This document provides information on homelessness and the law, the duties of the State towards people who are homeless, reasons for homelessness and national policy on homelessness.
Action Plan: An Action Plan to tackle emergency and short-term homelessness was announced in December 2014, including:
- Enhanced services for rough sleepers, priority allocation of social housing and rollout of the Housing Assistance Payment (HAP) for eligible homeless households – all in Dublin
- Extending the Tenancy Protection Service to Cork
- Assessing the scale of homelessness in Cork, Limerick, Galway and Waterford and identifying actions needed
Read more in ‘Strategy and policy’ below.
Homelessness and the law
Section 2 of the Housing Act 1988 states that you are considered homeless if:
- There is no accommodation available that, in the opinion of the local authority, you and any other person who normally lives with you or who might reasonably be expected to live with you, can reasonably occupy or remain in occupation of, or
- You are living in a hospital, county home, night shelter or other such institution, and you are living there because you have no suitable accommodation or
- You are, in the opinion of the local authority, unable to provide accommodation from your own resources
In general, you may be considered homeless if you are:
- Sleeping rough
- Staying in an emergency hostel or refuge
- Staying in bed and breakfast or hotel accommodation on a temporary basis
- Staying temporarily with friends or family because you have nowhere else to go
- Squatting (occupying a building illegally)
Often the term ‘out-of-home’ is used to refer to people who have nowhere to live. This term recognises the fact that you may have a home that you cannot return to (for whatever reason).
Duties of the State towards homeless people
At present, there is no explicit right to housing in the Constitution or in Irish law. The Constitutional Convention recommended in February 2014 that the Constitution should be amended to include economic, social and cultural rights, including a specific right to housing, but no decision has yet been made on this recommendation.
While local authorities do not have a statutory obligation to house people, they do have general responsibility under the Housing Act 1988 for the provision of housing for adults who cannot afford to provide it for themselves. They may help with accommodation either by providing housing directly or through arrangements with voluntary housing organisations and other voluntary bodies. They may also provide funding to voluntary bodies for emergency accommodation and for long-term housing for homeless people.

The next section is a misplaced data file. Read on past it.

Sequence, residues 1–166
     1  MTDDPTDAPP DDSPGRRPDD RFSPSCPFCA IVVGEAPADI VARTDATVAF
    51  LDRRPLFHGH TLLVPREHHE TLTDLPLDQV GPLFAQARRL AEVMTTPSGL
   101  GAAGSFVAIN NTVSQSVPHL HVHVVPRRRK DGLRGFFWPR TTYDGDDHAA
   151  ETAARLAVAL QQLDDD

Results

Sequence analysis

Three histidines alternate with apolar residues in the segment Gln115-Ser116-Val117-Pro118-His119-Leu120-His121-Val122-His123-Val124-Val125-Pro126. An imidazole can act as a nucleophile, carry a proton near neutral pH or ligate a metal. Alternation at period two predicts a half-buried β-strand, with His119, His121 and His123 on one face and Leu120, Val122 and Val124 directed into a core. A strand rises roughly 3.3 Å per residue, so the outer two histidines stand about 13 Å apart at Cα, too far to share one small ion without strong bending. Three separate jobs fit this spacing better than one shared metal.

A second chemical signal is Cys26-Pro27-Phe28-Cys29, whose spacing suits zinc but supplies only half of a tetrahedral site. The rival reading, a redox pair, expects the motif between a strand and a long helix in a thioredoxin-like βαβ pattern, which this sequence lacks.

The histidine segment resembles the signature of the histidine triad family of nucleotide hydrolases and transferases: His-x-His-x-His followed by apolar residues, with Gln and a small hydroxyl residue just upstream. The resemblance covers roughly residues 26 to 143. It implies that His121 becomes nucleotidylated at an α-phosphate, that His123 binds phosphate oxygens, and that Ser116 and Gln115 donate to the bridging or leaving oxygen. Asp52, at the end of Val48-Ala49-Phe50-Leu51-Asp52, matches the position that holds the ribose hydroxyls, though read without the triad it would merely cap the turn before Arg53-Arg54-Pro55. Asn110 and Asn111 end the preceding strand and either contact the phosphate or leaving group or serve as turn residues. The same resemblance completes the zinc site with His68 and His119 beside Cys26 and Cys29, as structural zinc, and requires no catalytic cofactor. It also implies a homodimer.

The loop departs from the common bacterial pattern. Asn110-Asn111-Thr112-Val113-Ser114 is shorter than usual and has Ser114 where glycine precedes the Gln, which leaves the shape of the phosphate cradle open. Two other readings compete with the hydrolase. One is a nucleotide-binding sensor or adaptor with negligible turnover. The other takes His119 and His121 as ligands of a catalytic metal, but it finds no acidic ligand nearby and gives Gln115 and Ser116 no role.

The Act also requires that local authorities carry out periodic assessments of the number of people who are homeless in their administrative area, as part of their housing needs assessment – see 'National profile of homelessness' below.
The Health Service Executive (HSE) has general responsibility for the health and in-house care needs of homeless people. In terms of funding, this means that local authorities are responsible for the costs of providing accommodation while the HSE provides funding for the care and welfare needs of homeless people, including in-house care.
The Child and Family Agency (Tusla) has responsibility under the Child Care Act 1991 for providing accommodation for people under the age of 18 who are homeless or in need of care. It may also provide aftercare facilities for young people aged over 18. Read more in our document on youth homelessness.
Why do people become homeless?
The reasons for people becoming homeless are both complex and wide-ranging but there is a particular risk at present for families with tenancies in the private rented sector.
According to Ending Homelessness – A Housing-Led Approach (pdf), research shows that the following are the main factors that lead to homelessness:
- Housing and financial crises
- Discharge from institutions